While a spectrophotometer might sound like something out of a sci-fi movie, it is actually a powerful tool that companies across the world use create and control their brand and product colors, ensuring color quality, consistency and efficacy across their product lines. It can tell us if a pharmaceutical is contaminated or if cookies are baked to the optimal brownness for consumer acceptance.
So how does all this happen from a spectrophotometer? And how do we use it? The science behind this tool is powerful and has several applications. To clear things up, we’ve put together some information on how spectrophotometers work and how they contribute to different products and technologies, so let’s dive in.
Color heavily influences how consumers perceive food products. Humans naturally associate color with flavor and quality, assuming how a product will taste based on its appearance.
Like all snack foods, nuts are subject to consumer judgments founded on color. These products require thorough quality control testing to ensure they project the proper quality, appearance, and taste. Color measurement devices deliver objective color assessments, enabling operators to achieve color consistency according to industry standards.
Color measurement plays an important role in nearly every application of every industry. Color variations are a part of human perception, but the ability to clearly identify these differences and establishing color parameters is an important part of a color system that works. Image Source: Flickr user frankieleon
Color measurement may seem pretty straightforward at first glance, but due to the limitations of the human eye, instrumental color measurement tools soon become a necessity for creating consistent and repeatable colors. Color quality plays a huge role in nearly every industry, and setting up a color system based on advanced color measurement instrumentation can make a difference in product quality and appearance. Although setting up a color system may seem tedious and difficult at first, especially with all the bells and whistle of today’s spectrophotometers, with the right support these steps will definitely pay off in the long run. Implementing a color system is not only important for identifying color measurement standards, but clearly defines color tolerances as well, which is the key in creating a system that works.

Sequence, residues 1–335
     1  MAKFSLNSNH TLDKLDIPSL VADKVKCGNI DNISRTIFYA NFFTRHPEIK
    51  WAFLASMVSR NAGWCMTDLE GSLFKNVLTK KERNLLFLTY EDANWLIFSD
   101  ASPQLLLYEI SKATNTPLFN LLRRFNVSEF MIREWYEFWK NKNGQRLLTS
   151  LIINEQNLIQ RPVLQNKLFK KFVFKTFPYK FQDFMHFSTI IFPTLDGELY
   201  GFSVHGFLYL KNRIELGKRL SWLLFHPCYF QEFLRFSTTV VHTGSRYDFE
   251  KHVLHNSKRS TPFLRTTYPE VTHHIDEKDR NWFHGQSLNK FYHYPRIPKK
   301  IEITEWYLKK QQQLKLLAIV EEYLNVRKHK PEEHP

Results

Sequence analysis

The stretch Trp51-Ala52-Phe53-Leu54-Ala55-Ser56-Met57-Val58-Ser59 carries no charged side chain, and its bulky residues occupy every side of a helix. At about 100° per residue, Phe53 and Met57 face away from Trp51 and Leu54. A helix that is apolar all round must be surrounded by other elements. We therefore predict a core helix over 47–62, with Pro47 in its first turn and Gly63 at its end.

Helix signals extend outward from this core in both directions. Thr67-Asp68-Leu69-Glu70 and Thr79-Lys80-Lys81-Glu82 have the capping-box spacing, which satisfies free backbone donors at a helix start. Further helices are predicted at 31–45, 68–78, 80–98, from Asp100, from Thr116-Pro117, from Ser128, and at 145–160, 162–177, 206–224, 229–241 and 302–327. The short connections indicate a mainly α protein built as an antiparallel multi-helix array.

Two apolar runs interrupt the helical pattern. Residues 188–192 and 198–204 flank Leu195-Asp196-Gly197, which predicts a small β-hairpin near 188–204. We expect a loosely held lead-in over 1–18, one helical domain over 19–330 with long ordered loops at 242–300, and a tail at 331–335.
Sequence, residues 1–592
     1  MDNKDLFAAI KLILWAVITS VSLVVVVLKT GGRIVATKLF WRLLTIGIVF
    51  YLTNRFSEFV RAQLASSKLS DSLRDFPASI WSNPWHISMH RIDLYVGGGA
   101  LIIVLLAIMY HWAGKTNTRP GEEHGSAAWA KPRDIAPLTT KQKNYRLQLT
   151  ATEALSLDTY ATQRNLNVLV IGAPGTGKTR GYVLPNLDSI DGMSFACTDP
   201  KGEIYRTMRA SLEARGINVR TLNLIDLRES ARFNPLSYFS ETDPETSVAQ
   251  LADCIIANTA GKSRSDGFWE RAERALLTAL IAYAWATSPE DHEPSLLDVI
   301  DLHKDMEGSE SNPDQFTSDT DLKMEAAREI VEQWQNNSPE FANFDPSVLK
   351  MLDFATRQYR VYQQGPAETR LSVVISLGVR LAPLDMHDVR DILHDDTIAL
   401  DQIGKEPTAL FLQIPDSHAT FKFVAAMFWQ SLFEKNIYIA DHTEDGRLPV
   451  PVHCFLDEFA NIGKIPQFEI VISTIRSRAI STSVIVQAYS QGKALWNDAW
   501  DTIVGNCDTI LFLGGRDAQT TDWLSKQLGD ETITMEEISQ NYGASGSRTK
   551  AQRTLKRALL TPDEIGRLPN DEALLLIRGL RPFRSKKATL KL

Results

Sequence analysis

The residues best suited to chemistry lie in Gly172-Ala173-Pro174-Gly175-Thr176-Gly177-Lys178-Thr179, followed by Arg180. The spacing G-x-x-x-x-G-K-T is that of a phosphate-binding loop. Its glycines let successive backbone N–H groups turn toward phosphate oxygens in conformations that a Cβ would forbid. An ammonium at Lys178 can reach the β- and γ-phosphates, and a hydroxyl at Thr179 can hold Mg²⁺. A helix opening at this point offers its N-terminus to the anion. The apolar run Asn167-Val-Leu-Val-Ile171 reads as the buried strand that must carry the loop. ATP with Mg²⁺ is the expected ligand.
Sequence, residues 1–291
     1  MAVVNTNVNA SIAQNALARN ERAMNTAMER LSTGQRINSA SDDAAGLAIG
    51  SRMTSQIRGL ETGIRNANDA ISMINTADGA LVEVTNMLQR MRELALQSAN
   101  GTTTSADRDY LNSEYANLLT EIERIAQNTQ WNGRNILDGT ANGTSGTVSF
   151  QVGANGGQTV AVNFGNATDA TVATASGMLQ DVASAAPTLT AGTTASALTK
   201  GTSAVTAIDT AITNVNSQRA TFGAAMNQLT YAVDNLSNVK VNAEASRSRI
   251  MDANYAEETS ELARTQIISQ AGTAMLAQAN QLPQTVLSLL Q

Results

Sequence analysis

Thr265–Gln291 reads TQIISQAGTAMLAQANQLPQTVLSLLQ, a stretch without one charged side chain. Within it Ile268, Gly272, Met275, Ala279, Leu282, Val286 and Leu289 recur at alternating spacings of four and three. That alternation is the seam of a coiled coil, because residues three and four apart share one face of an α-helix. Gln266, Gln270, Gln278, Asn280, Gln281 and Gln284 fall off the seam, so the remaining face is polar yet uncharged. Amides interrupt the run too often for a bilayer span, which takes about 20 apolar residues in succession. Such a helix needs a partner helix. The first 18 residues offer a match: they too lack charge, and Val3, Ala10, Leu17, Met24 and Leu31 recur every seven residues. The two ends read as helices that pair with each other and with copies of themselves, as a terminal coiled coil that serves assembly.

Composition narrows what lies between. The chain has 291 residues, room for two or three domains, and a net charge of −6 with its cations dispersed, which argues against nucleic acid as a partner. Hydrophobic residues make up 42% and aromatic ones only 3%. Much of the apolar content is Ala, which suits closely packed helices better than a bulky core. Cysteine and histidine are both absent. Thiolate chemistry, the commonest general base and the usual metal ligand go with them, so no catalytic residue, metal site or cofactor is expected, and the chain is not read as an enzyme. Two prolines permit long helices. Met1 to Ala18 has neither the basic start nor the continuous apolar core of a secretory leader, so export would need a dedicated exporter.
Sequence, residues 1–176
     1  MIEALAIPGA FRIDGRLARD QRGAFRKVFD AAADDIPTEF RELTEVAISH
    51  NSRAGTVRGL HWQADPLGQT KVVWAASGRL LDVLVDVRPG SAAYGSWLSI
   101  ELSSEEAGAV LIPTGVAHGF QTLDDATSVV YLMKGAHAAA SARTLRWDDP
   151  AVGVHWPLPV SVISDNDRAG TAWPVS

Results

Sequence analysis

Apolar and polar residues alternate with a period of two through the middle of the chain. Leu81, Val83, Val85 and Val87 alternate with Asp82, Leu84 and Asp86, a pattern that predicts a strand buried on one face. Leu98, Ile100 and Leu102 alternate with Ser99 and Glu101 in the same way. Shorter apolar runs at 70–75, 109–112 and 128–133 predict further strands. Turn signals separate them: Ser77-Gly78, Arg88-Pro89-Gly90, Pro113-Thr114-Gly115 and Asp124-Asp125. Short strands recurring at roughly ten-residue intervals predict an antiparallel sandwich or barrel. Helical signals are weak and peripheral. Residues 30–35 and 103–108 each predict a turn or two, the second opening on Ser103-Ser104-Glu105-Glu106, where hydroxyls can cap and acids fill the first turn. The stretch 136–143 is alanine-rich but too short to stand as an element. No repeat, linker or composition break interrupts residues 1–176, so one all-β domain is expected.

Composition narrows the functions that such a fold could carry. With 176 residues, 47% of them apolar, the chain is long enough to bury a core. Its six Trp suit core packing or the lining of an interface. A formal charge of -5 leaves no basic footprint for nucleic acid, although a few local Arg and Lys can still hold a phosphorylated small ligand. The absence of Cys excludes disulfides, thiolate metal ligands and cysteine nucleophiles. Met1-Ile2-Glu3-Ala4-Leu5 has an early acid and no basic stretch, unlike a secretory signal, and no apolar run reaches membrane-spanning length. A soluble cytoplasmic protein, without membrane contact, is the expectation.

Spectrophotometric technology allows you to create an effective color system with a method for monitoring that system which can save time and money. A good color system first begins with identifying color variations. These variations or differences are commonly referred to as Delta-E. Delta-E (dE) expresses “the ‘distance’ between two colors” and can be represented in numerical form using color measurement data. A dE value of 1.o represents the smallest measurement of color difference that can be perceived by the human eye. Anything less that dE 1.0 will appear to be the same color no matter who is viewing the sample and is not affected by angle or light source. A dE measurement slightly above 1.0 usually goes unnoticed by the average viewer and can be considered an ‘acceptable’ color difference, but establishing these boundaries with an effective color system is a fundamental element in quality control and production efficiency. This range of acceptability is defined as a color tolerance and is a foundation in establishing an effective color system.